As an Englishman, NASCAR tends to get something of a bad rap for being a rowdy American affair where cars go round in circles at blistering speeds, mere moments away from complete catastrophe at any one time. I used to think the same - speed round in circles and cross the line first, cashing your cheque at the door on your way out. But, having played Heat 5, there’s much more to it than that.
Starting in the lower leagues (given you don’t skip the start of your career mode), you’ll get your start in the dirt racing ovals dotted around the States in the “Xtreme Dirt Series”. Thinking that my previous experience with other racing games would come into its own here, I was instantly handed my cockiness back to me on a plate. To get the best lap times in the dirt races, you need to absolutely nail your throttle control, getting just the right level of slide throughout the corners to come out in the next straight pointing well enough for some speed - but also for the next corner that’s approaching quickly. With each dirt oval being slightly different in terms of overall layout, it’s never just rinse and repeat either. Each course demands its own level of attention; as someone who hasn’t been particularly interested in oval racing found out the hard way.
You work your way through those leagues up to the main NASCAR series, and things once again change. There’s a lot of strategy involved with maintaining a car doing near 200 mph consistently for a couple of hours, added with the stamina required to maintain turning left that often and for that long.
There’s the usual affair of modes on offer too, with Quick Race, Multiplayer, Test Sessions and Challenges rounding it out. Of the four, Challenge mode is by far the most interesting and intense experience of the lot. Placing you into different scenarios from the real-world NASCAR series, you’re challenged to things like changing the course of history by avoiding a massive pile-up, or charging up from the back of the pack after your own nasty spin out. It’s here where I spent a good chunk of my time with Heat 5, constantly trying to complete the given scenarios and getting better each time, closer and closer. It’s one of those “one more go” modes that constantly drag you back because you know you can beat it.
It’s not all tyre walls and crash barriers though, if you’re of the lesser skilled persuasion when it comes to racing games, there’s options available for you to tailor your experience to your playstyle. Allowing it to be as hard, or as easy as you choose.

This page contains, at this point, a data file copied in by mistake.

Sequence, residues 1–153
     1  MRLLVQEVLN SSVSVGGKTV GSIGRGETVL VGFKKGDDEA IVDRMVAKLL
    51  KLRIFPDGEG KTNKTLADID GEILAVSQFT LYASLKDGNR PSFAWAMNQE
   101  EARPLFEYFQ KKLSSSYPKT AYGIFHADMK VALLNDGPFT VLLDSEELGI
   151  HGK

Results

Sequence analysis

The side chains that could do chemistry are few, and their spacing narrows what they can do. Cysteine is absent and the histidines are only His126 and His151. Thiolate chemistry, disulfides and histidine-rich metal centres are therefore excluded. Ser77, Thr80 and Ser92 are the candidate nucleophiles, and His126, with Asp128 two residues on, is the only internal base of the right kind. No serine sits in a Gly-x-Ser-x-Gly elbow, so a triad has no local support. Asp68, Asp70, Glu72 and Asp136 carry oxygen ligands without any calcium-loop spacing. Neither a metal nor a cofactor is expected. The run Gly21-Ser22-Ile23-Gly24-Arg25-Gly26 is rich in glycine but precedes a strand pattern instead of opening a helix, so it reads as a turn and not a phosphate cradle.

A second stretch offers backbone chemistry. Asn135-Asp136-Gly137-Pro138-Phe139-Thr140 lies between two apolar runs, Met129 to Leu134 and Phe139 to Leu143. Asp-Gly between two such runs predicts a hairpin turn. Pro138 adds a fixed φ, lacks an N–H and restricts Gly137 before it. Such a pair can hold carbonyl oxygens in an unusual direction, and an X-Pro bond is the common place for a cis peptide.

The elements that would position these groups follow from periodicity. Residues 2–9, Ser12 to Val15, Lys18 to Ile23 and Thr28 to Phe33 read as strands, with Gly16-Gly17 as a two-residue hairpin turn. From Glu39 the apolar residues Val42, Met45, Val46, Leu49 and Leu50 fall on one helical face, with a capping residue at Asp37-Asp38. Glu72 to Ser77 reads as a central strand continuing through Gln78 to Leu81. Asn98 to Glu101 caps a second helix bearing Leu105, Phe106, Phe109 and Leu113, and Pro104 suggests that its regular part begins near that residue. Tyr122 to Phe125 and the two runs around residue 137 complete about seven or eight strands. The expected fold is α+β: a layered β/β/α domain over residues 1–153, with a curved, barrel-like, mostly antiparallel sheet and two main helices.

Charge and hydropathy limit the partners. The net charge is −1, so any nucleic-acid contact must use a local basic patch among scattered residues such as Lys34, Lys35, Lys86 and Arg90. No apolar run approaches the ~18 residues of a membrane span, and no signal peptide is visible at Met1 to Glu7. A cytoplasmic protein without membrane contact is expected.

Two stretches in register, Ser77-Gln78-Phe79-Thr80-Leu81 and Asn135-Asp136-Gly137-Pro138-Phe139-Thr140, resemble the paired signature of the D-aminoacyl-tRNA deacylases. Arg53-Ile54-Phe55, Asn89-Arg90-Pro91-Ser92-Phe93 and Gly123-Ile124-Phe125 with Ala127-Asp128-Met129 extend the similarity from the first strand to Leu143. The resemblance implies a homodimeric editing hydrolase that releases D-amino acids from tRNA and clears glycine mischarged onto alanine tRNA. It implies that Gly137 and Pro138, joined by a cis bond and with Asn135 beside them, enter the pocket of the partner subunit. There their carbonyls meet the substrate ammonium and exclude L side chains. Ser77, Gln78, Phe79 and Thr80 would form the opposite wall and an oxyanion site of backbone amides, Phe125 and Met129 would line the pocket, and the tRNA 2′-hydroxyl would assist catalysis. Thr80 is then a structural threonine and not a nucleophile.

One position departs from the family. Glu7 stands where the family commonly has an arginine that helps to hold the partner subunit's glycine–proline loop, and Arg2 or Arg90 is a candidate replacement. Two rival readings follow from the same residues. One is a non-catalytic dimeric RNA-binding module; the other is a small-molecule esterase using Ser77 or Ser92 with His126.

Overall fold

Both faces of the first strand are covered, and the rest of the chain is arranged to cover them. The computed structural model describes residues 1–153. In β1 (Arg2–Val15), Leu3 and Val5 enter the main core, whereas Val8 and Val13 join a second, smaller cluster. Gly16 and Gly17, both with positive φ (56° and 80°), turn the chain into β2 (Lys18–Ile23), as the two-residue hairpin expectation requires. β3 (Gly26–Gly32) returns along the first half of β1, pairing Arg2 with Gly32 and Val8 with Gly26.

Having not played the earlier iterations of NASCAR Heat, everything here is new to the experience for me, meaning there’s no prior knowledge of what the game consisted of, but there were a few blips on the radar. Firstly, there’s some visible screen tearing and frame drops, even when the game is set to performance mode. Further the menu system and career mode stuff outside of racing is pretty simplistic. There’s no voice acting on offer here, but on-screen text to guide you through. It was also a bit weird being asked to customise my driver on startup, then only getting to pick a fanfare for winning a race, as the actual customisation of your driver happens during the career mode startup. (Or from the other menus before you get there, but that’s still out of the loop from the initial questioning).
Graphically, it's a pretty standard affair, with the tracks having detailed infield sections adding a bit of life to the area, as well as crowds of people in the stands outside of the track. Interiors of the cars are detailed enough to get by - but that’s the nature of these cars anyway, most of that has been stripped out.
Audibly, the music becomes tiring pretty quickly, with the country-laden soundtrack feeling all a bit similar throughout. There’s a couple of standout tracks, but that’s a largely subjective point. Cars roar around tracks much like you’d expect, though there’s not really much else to write home about, since there’s no voice-overs - barring the spotter.
Overall, the cars handle well, and feel planted enough that it’s a satisfying game to play, and the challenge mode should keep you coming back for a while. But, it’s all packaged in a slightly dull menu experience that doesn’t mirror the excitement when out on track.
NASCAR Heat 5 (Reviewed on Xbox One X)
This game is good, with a few negatives.
NASCAR aficionados will likely love getting more action where they can, especially with the cancellation of events due to the pandemic at this time, but those that like a more varied racer might want to look elsewhere. If you want to dip your toes in the NASCAR water though, and find out why it’s more than just turning left, HEAT 5 could well be a good shout.